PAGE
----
But, in its lengthy Schedule 14D-9 Solicitation/Recommendation Statement (the "14D-9") recommending that stockholders tender their shares to Apollo, the board did not disclose to stockholders the reasons for Cloobeck's abstention.[12]Instead, the 14D-9 simply stated that "[a]ll of the directors voted in favor of [the transaction] with the exception of the Company's chairman, who abstained."[13] As to Cloobeck's position on tendering his own shares, the 14D-9 stated that, "[t]o the Company's knowledge, the chairman of the board of directors has not yet determined whether to tender . . . his shares."[14] Cloobeck is the same Chairman who the board described in the following way to stockholders in its most recent annual election proxy before the tender offer:

Mr. Cloobeck[] [has a] unique understanding of the opportunities and challenges that we face and . . . in-depth knowledge about our business, including our customers, operations, key business drivers and long-term growth strategies, derived from his 30 years of experience in the vacation ownership industry and his service as our founder and former Chief Executive Officer.[15]

         On August 8, 2016, the plaintiffs served a Section 220 demand on the company, asking to inspect its books and records.[16] About a week later, Cloobeck tendered his 15 percent of the Diamond Resorts shares.[17] Then, on September 2nd, having exceeded the 50 percent level of ownership necessary to consummate the transaction's back-end merger under Section 251(h) without a stockholder vote, Apollo consummated the merger.[18] Approximately two months after the deal closed, the plaintiffs brought this suit, challenging the merger's fairness and "the failure of the board to disclose all material information to the Diamond stockholders regarding the tender offer."[19] The Court of Chancery dismissed the plaintiffs' claims for damages because the stockholders "overwhelmingly" accepted the tender offer upon disclosure of all material facts.[20] As to the issue before us, the Court of Chancery held that Cloobeck's views that the company had been managed suboptimally, the sale price was disappointing as a result, and therefore it was not a good time to sell the company were immaterial as a matter of law and their inclusion in Diamond Resorts' disclosures would not have materially altered the mix of information.[21]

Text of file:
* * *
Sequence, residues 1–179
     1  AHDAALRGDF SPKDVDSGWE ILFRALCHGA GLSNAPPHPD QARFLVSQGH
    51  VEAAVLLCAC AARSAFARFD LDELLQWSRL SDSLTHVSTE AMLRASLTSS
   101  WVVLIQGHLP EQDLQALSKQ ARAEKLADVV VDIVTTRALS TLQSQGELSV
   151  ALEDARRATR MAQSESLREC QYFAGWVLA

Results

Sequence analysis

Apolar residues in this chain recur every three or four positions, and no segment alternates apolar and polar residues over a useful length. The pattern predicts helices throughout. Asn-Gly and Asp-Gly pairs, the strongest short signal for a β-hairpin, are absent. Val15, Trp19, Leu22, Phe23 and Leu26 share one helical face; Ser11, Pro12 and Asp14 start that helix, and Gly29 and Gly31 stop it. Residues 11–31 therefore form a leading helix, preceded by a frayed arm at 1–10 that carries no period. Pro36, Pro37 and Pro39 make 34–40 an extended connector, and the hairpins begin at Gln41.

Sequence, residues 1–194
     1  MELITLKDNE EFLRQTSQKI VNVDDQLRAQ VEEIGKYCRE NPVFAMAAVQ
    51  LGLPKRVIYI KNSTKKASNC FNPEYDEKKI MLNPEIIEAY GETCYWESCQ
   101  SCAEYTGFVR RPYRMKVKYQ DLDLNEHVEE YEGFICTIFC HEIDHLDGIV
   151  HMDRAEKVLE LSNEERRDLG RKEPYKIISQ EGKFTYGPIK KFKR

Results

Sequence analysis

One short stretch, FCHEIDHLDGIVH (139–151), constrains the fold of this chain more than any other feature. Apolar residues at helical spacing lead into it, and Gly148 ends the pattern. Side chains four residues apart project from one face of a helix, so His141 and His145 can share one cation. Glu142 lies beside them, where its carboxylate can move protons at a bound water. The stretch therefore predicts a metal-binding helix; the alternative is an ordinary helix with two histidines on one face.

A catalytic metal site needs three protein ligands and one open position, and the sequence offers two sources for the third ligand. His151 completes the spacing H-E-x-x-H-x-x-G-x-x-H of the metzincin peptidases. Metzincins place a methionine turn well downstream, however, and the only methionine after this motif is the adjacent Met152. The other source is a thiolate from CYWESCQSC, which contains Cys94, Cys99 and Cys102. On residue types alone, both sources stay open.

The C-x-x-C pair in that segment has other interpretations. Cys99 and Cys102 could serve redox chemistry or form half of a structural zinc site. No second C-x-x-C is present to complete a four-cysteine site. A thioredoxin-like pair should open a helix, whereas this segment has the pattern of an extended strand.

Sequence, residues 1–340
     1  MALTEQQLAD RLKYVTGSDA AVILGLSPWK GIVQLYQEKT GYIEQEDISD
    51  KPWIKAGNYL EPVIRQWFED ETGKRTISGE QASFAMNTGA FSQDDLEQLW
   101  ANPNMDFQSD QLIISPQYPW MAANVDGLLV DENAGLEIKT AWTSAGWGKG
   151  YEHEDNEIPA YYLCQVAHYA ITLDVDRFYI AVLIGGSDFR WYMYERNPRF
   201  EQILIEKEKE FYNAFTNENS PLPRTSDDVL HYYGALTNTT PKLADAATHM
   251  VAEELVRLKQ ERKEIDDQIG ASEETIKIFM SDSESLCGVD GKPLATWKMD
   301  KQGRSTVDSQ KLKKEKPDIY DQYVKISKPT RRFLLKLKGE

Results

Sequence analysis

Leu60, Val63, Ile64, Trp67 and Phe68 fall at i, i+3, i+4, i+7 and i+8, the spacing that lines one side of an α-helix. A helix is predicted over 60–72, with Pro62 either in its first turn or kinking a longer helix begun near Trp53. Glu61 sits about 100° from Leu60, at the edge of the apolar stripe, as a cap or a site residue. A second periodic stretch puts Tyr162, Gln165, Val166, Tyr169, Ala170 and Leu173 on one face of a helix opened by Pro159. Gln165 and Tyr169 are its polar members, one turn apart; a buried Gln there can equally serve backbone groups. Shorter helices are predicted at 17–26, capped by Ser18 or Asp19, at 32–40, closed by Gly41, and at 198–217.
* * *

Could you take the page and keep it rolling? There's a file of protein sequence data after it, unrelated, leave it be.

The high-stakes context for evaluating whether the Court of Chancery's stark ruling is correct is important to bear in mind. Here, the Diamond Resorts board was recommending to its stockholders that they cash out their investments. But the Chairman of the Board, the very person who founded Diamond Resorts and under whose leadership as CEO the company flourished and became a global operation, did not agree with that recommendation. The 14D-9 recites at length the events leading to the board's approval of the transaction and the reasons for the board's recommendation that stockholders accept Apollo's tender offer.[22] But, somehow, that course of events does not include what we think to be a material fact that a reasonable investor in the company would wish to know: Cloobeck thought that it was the wrong time to sell.

         "[D]irectors of a Delaware corporation have a fiduciary duty to disclose fully and fairly all material information within the board's control that would have a significant effect upon a stockholder vote when it seeks or recommends shareholder action, such as when a tender offer or vote is presented."[23] Information is material if there is a:

substantial likelihood that a reasonable shareholder would consider it important in deciding how to vote. . . . Put another way, there must be a substantial likelihood that the disclosure of the omitted fact would have been viewed by the reasonable investor as having significantly altered the total mix of information made available.[24]

         In contending that Cloobeck's reasons for not supporting the sale were immaterial, the defendants make much of the distinction between opinion and fact, arguing that because Cloobeck's belief that it was the wrong time to sell was just his opinion, his expression of that opinion to the board cannot be a material fact that requires disclosure.[25] But, in this context, that distinction is of little relevance, because proxy statements seeking approval of major transactions are filled with statements of fact about opinions, in the sense that they recount why fiduciaries and their advisors took certain actions and why they believed the transaction was in the company's best interest. To this point, acres and acres of the 14D-9 focus on identifying the subjective reasons for the transaction, as well as other reasons against it.[26] For example, the 14D-9 lists the following opinions in its discussion of why the board recommended that stockholders tender their shares:

• [T]he strategic review committee's and the board of directors' belief . . . that the Company's strategic plan involved significant risks in light of the industry and competitive pressures the Company was facing and the strategic review committee's and the board of directors' concerns with respect to the risks relating to the Company's ability to execute on its strategic plan including the ...